This week, Florida Governor Ron DeSantis introduced new legislation aimed at curbing violent protest activities.
The “Combatting Violence, Disorder and Looting and Law Enforcement Protection Act” debuted on Monday, September 21. The proposed law creates new criminal offenses, increases penalties, and takes measures that DeSantis says will protect the public from violent protest activities.
Today I announced bold legislation that creates new criminal offenses and increases penalties for those who target law enforcement and participate in violent or disorderly assemblies. We will always stand with our men and women in uniform who keep our communities safe. pic.twitter.com/ITl5GmmrZJ
— Ron DeSantis (@GovRonDeSantis) September 21, 2020
Notably, the legislation would create a new criminal offense in the state of Florida that would make it a third degree felony to obstruct a roadway during a unpermitted protest, demonstration or violent or disorderly assembly. The proposed legislation would also ensure that a “driver is NOT liable for injury or death caused if fleeing for safety from a mob.“
DeSantis would also create criminal offenses for the following activities:
- 3rd degree felony when 7 or more persons are involved in an assembly and cause damage to property or injury to other persons
- 2nd degree felony to destroy public property during a violent or disorderly assembly
- 1st degree misdemeanor for a participant in a violent or disorderly assembly to harass or intimidate a person at a public accommodation, such as a restaurant
- RICO liability attaches to anyone who organizes or funds a violent or disorderly assembly.
Also under the new legislation, a person who strikes a law enforcement officer would face a 6 months mandatory minimum jail sentence.
DeSantis’s proposal would also forbid the defunding of Florida police departments and allow protest victims to sue protesters for damages. Anyone convicted of participating in a violent or disorderly assembly would be ineligible for state benefits or government employment under the DeSantis plan. Bail or bond would also not be permitted until first appearance in court for persons charged with with a crime related to participating in a violent or disorderly assembly.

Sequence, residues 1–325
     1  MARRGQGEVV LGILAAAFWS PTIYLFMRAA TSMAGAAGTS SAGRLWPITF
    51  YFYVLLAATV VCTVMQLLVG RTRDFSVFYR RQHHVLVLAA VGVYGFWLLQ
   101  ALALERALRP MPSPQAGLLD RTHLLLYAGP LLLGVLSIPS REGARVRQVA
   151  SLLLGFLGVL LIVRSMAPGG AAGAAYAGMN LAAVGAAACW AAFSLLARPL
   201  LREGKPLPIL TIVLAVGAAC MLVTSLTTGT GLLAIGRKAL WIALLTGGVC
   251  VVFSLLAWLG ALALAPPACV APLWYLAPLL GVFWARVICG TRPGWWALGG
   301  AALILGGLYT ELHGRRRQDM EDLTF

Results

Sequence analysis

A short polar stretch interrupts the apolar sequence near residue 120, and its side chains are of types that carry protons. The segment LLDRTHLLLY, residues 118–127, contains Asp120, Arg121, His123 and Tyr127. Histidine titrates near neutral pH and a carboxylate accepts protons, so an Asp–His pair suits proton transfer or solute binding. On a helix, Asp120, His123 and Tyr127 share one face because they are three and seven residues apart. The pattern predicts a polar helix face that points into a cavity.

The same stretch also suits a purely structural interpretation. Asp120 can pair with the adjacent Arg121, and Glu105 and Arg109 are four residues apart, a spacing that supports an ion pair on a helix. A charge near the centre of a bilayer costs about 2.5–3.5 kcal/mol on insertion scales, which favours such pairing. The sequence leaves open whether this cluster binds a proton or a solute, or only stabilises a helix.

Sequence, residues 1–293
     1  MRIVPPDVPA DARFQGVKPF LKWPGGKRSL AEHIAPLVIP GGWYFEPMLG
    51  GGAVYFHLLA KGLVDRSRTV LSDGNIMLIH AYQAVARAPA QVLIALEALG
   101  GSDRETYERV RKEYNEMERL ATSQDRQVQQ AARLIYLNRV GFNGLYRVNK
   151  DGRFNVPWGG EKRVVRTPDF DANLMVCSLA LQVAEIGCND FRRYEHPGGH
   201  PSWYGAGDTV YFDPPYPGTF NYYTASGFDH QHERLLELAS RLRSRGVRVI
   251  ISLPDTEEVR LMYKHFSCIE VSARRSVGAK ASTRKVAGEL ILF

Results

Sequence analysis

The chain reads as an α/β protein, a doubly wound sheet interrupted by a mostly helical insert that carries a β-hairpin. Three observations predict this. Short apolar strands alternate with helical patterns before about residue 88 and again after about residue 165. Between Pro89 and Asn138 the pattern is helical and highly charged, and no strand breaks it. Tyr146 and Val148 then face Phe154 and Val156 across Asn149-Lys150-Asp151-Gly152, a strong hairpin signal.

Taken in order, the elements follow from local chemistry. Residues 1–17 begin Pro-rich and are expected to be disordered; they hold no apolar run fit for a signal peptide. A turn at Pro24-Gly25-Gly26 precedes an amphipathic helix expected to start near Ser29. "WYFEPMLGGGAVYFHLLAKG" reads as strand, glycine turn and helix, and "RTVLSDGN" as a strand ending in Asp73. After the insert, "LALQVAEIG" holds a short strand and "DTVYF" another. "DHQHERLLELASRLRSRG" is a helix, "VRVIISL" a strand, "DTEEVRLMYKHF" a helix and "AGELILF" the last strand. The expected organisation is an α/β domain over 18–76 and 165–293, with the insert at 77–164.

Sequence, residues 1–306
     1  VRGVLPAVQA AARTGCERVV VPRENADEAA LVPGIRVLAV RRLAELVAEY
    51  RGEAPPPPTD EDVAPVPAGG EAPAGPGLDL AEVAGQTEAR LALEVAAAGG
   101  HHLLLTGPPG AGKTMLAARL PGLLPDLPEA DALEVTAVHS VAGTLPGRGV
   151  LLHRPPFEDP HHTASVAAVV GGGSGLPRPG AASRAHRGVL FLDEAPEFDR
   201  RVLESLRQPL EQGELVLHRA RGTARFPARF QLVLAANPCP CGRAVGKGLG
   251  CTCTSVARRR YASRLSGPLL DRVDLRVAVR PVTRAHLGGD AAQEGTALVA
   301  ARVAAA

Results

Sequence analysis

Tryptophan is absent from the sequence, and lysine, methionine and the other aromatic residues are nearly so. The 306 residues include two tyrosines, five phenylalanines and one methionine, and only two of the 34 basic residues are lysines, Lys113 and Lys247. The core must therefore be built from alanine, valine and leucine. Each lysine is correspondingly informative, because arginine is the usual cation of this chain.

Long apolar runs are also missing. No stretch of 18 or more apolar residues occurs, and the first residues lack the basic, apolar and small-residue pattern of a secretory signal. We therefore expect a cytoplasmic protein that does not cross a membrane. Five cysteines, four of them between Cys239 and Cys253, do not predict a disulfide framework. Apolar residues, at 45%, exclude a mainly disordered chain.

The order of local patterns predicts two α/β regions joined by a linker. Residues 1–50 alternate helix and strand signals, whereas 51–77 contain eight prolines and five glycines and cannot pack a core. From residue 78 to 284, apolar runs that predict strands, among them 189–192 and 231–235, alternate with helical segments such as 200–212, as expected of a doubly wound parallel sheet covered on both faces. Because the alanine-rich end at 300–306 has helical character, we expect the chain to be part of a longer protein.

“Our right to peacefully assemble is one of our most cherished as Americans, but throughout the country we’ve seen that right being taken advantage of by professional agitators, bent on sowing disorder and causing mayhem in our cities,” said Governor DeSantis. “I will not allow this kind of violence to occur here in Florida. The legislation announced today will not only combat rioting and looting, but also protect the men and women in law enforcement that wake up every day to keep us safe. I look forward to working with the Florida Legislature next session to sign this proposal into law.”
The next legislative session begins in March 2021, but DeSantis says that his team is already at work crafting the bill and collecting sponsors.
The proposed legislation comes after a spring and summer of nearly daily civil unrest during which members of the trucking community were often unwillingly caught up in protest activities.